As a study in prankhood, this Banksy film can’t touch “F for Fake,” Orson Welles’s 1974 movie about an art forger. Welles both conspired with his untrustworthy subject and held him at arm’s length, like a conjurer with his rabbit, and you came out dazzled by the sleight, whereas Exit Through the Gift Shop feels dangerously close to the promotion of a cult--almost, dare one say it, of a brand.
Awards & Rankings
Universal acclaim- based on 104 Ratings
Jan 25, 2011If the "Academy" were truly looking for the Best Picture, they would have to include this. It was better by far than any 2010 film I've seen,If the "Academy" were truly looking for the Best Picture, they would have to include this. It was better by far than any 2010 film I've seen, and yes that includes "Black Swan," "Inception," "Winter's Bone," "Social Network," and the way overrated "True Grit." Banksy's movie transcends the genre of documentary and lands in virtually unknown territory: factual, farcical, thought-provoking, and really damn entertaining. Is it a hoax? Possibly, but doesn't that only increase Banksy's brilliance? And if you're turned off by the later turn into absurd narrative and biting satire against the art community and popular culture, you can't argue with the first half which focuses almost exclusively on amazing street art sequences. I consider this alongside "Waltz with Bashir" as a documentary that blows all other docs out of the water. It is a total movie experience. Before seeing this I didn't know who Banksy was. One day later he's a personal hero.… Full Review »
Sep 10, 2010This movie is one for the ages. Absolutely brilliant at many levels. If you have any interest in art or culture or how these things areThis movie is one for the ages. Absolutely brilliant at many levels. If you have any interest in art or culture or how these things are defined and critiqued, this movie will make your head spin. The characters are completely unique, and there are dramatic twists that rival anything fiction writers have come up with in the past few decades. It's really better the less you know about it. Just plan on having coffee afterward; you will desperately want to discuss it. What is real and what is hype? Who gets to decide what is good art? Who is an artist? These questions are confronted in a bizarre and ingenious "plot." You may also be aware of a sidebar about the movie itself: Is it real or is it staged? In my opinion, it hardly matters. Just let it unfold and have fun.… Full Review »
Mar 26, 2013Perhaps the one of the best documentary/mockumentary to appear in the past decade, excuse the slash, because it is quite hard to tell if thisPerhaps the one of the best documentary/mockumentary to appear in the past decade, excuse the slash, because it is quite hard to tell if this is real or not, either way it is a truly fascinating look at the underworld art of the street, you may know it as graffiti.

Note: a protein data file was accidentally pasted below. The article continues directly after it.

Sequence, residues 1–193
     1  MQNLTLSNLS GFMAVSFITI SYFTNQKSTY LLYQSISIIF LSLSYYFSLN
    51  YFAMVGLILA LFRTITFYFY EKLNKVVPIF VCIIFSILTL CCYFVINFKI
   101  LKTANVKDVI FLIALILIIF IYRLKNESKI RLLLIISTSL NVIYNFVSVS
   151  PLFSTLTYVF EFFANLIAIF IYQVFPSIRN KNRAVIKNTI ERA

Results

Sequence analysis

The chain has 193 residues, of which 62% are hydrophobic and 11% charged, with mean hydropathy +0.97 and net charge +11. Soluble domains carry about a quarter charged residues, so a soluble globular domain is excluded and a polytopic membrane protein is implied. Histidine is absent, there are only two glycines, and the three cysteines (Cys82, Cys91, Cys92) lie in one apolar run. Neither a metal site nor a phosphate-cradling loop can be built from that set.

Infamous street artist Banksy has created this little film using footage of amateur (in every sense of the word) filmmaker Thierry Guetta, who spends most of his life with a camera in his hands. After beginning to follow his street artist cousin Invader around, Thierry is soon introduced to some of the most well-known artists in the world, including famous OBEY artist Shepard Fairey, who seems a bit disillusioned to Guetta, yet continues to let him follow him anyway.
Guetta finally makes acquaintances with Banksy, who is surprised by Guetta's loyalty and persistent nature.
As Banksy's hidden and hooded figure speaks to the camera, he does say that he places full trust in Guetta, particularly after a controversial piece of art at Disneyland involving a blow up doll.
The film is one of the funniest things to witness, Thierry Guetta sort of seems like a lucky guy falling into the right places at the right time, he never shows much intelligence in what he does, never asking pressing questions but silly ones instead, and if this truly was a true documentary, then I'm sure the artists involved also don't quite know what to make of him, Banksy opening the film by saying that it started as a film about him but this guy was much more interesting was hilarious because perhaps its true, he is seemingly an overnight sensation by using other artist's work and throwing dashes of paint and photoshopped wigs on them to pass them off as his own. He did, however, incorporate the name of Mister Brainwash, so perhaps this was just utter genius, selling over one million dollars worth of art, yet barely taking part in any of the work itself.
This is a very simple and witty take on a "legally grey area" of art, and just some of Banksy's art is showcased and we get a glimpse of just how talented this man is, and the risks that himself and other street artists take to evade the law in the name of beauty.
Whether it was real or not, Exit Through the Gift Shop is certainly a must see for art and documentary fans alike, Mister Brainwash is certainly an enigma, but perhaps one that wasn't supposed to happen.… Full Review »